Changing sports participation; from the 'what' to the 'how'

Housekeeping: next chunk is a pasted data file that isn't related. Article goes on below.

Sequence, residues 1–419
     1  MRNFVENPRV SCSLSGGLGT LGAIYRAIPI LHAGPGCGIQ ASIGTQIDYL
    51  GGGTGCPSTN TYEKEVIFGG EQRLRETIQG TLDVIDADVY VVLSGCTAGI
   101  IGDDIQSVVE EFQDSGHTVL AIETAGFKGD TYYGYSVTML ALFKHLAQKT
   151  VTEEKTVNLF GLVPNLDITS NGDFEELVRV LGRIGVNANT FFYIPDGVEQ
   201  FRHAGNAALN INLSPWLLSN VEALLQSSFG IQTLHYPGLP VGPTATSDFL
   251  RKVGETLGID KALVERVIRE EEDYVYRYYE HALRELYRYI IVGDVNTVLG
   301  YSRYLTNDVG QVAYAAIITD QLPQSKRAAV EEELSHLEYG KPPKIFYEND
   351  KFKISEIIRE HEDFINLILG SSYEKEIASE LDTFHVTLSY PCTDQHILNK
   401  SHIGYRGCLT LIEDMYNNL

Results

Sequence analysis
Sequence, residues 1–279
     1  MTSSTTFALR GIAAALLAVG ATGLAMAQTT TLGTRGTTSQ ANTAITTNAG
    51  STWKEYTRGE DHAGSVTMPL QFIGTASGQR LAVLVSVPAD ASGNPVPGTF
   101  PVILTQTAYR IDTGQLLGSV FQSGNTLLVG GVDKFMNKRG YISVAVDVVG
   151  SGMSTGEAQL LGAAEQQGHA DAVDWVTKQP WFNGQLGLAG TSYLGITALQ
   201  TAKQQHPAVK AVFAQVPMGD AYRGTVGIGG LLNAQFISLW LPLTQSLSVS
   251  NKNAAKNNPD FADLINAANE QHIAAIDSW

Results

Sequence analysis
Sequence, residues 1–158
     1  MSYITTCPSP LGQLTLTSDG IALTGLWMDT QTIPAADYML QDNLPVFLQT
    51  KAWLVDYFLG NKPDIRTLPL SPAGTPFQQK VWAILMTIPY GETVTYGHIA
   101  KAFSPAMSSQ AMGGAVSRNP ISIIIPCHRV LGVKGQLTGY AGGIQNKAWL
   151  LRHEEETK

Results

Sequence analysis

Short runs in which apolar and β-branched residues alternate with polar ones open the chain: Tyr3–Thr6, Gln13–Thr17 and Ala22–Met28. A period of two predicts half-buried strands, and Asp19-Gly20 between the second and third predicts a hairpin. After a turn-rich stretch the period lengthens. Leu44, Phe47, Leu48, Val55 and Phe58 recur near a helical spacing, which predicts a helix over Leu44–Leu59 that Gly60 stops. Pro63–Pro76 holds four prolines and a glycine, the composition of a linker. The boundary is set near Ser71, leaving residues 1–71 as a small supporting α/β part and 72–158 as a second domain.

Background: Despite the transition to university offering a treatable moment to intervene in healthy behaviors, participation in sport declines when students begin higher education. Although key belief targets have been identified within formative research using the Theory of Planned Behavior, the precise content of the intervention remains unclear. Purpose: The purpose of this study was to use focus groups to identify the reasons and solutions to previously identified key beliefs and potentially effective behavior change techniques (BCTs). This information can then be used in the development of a theory-based behavior change intervention. Method: A purposive sample of 22 first-year undergraduate students (n = 8 men; M = 19.8 years, SD = 1.3) attending a university in the North of England (United Kingdom) was used. Focus groups were audio-recorded; recordings were transcribed verbatim, analyzed thematically, and coded for recurrent themes. Results: The data revealed 14 reasons regarding enjoyment, 11 reasons for friends' approval, 11 reasons for friends' own participation, 14 reasons for the approval of family members, and 10 solutions to time constraints. Twelve distinct BCTs were suggested to address these reasons and solutions. Conclusion: This study provides important information that will inform the content of an intervention promoting student participation in sport.